Wicked Women of the Bible Week 5: Herodias and Salome

Welcome to Week 5 of Wicked Women of the Bible! What did you learn while reading about the evil queen Jezebel last week? She is the ultimate cautionary tale that you don’t want to fight God.

This week we’re finally studying a woman from the New Testament! But, we’re also studying the story that likely brought the most grief to Jesus and His followers during His lifetime on earth — the heinous murder of His cousin John the Baptist.

It’s important to remember how famous and beloved John the Baptist was. According to Luke, his following continued even 60+ years after his death. When speaking with the chief priests, teachers of the law, and elders in Luke 20:1-8, Jesus challenged them asking whether or not John’s baptism was from Heaven and they dared not answer it was “of human origin” lest they be stoned by the crowds! Now, that’s popularity!

Among the female characters in God’s Word there are many wicked women, as we are discovering, but Herodias stands out among them as one of the most vile and vicious for her plot to have John the Baptist killed

Herodias was the daughter of Aristobulus, son of Herod the Great and Mariamne, daughter of Hyrcanus. Her first husband was Philip I, son of Herod the Great and Mariamne, so she married her own uncle, by whom she had a daughter, Salome, whom her mother used to destroy John the Baptist.

Herodias – no matter how much she hated John for condemning her incestuous marriage to her uncle – couldn’t find a way to get rid of him until Herod’s birthday. Then, she pounced.


Feast of Herod by Peter Paul Rubens, c. 1635

Here’s a brief summary of her plot:

Herodias knew Herod only too well. He easily succumbed to sensual excitement, and as his birthday drew near her foul design was hatched. On the day when drink freely flowed, Herodias used her own daughter to inflame Herod’s passions. She was willing to sacrifice her child’s modesty in order to bend Herod to her will. Herod was overcome by Salome’s form seen through the flowing flimsy garment she wore, and influenced by the act of the dancing girl took a rash and foolish oath to give her whatever she asked, even to half of his kingdom. Approaching her mother, Salome said, “What shall I ask?” Without hesitation Herodias, the female hyena, replied, “Ask for the head of John the Baptist.” (All the Women of the Bible, Zondervan)

Can you imagine the grief of Jesus, and all of those who were disciples of John the Baptist, and those who followed Jesus? Their dear friend dead at the hands of foolish Herod Antipas who offered half his kingdom for a sexy dance from his step-daughter, Salome! What a tragedy!

What is beautiful and redeeming about this story is that even though John’s life ended in such a sneaky, frivolous, and ugly way, we can have no doubt that he entered Glory hearing, “Well done!” And, so can we when we choose lives of faith and audacious boldness in the face of wickedness for the sake of the Gospel.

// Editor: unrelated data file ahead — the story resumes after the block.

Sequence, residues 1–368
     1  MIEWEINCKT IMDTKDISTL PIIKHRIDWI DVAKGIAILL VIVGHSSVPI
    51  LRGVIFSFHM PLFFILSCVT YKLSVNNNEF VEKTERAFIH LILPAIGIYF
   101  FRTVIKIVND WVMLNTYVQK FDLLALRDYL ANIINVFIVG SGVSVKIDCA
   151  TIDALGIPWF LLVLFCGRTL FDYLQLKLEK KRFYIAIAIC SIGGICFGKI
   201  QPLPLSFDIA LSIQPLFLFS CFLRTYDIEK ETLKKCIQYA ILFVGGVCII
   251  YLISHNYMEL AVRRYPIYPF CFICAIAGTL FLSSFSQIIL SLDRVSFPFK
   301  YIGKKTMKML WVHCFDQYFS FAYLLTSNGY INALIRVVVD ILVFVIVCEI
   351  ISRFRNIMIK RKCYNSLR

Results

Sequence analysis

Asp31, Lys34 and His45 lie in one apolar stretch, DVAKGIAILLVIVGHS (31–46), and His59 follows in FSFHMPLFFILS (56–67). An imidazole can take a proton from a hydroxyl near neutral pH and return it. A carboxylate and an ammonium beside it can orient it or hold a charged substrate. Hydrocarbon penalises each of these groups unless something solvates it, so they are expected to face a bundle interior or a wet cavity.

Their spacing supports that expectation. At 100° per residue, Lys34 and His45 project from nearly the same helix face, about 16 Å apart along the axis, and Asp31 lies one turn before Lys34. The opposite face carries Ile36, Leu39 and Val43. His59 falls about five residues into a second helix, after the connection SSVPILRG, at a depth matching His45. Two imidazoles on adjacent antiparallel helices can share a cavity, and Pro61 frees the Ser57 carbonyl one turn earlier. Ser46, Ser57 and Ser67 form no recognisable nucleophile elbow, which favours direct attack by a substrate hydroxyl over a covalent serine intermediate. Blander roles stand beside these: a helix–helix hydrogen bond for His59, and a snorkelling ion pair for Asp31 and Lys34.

This week for your personal or group study:

  1. Read Chapter 18 of Wicked Women of the Bible on Herodias and Salome (pages 171-178)
  2. Read their story in Matthew 14:3-12, Mark 6:14-29, Luke 3:19-20, Luke 9:7-9.
  3. Enjoy watching the video for Week 5 — provided above.

Takeaway Questions

  1. Both Herod and Herodias would have had some exposure to John’s preaching with its emphasis on repentance. He may even have spoke to them about Jesus. What has been your own experience of the connection between repentance and new life?
  2. What might have prevented Herodias from turning toward God and away from her sins? What prevents you from doing the same?
  3. Why is power so often such a corrupting force even among good people? How have you handled power, whether on a large or small scale, in your own life?

If you have just stumbled upon this study and want to register and start today, we invite you to sign up here and get your free downloads and weekly study questions.

Your Turn

Has God ever called you to speak uncomfortable truths to people of influence? How did you respond? How did they respond? How do you respond when someone criticizes you? We invite you to join the conversation this week on our blog, and stay tuned for next week’s lesson and our final session six.

Ann Spangler

Ann Spangler is an award-winning writer and the author of many bestselling books, including Praying the Names of God, Praying the Names of Jesus, and Women of the Bible (with Jean Syswerda). Her most recent books are The Tender Words of God and Sitting at the Feet of Rabbi Jesus (with Lois Tverberg.) She and her two daughters live in Grand Rapids, Michigan.

Laurie McClure

Laurie is a Jesus apprentice, a single mama of five (three homegrown, one Kentuckian, and one Ethiopian), a writer, beach lover, and is addicted to radical grace, Perrier, and yoga pants. Here at FaithGateway she is the editor, the leader of Faith.Full, our women's community, and curator of Devotionals Daily.

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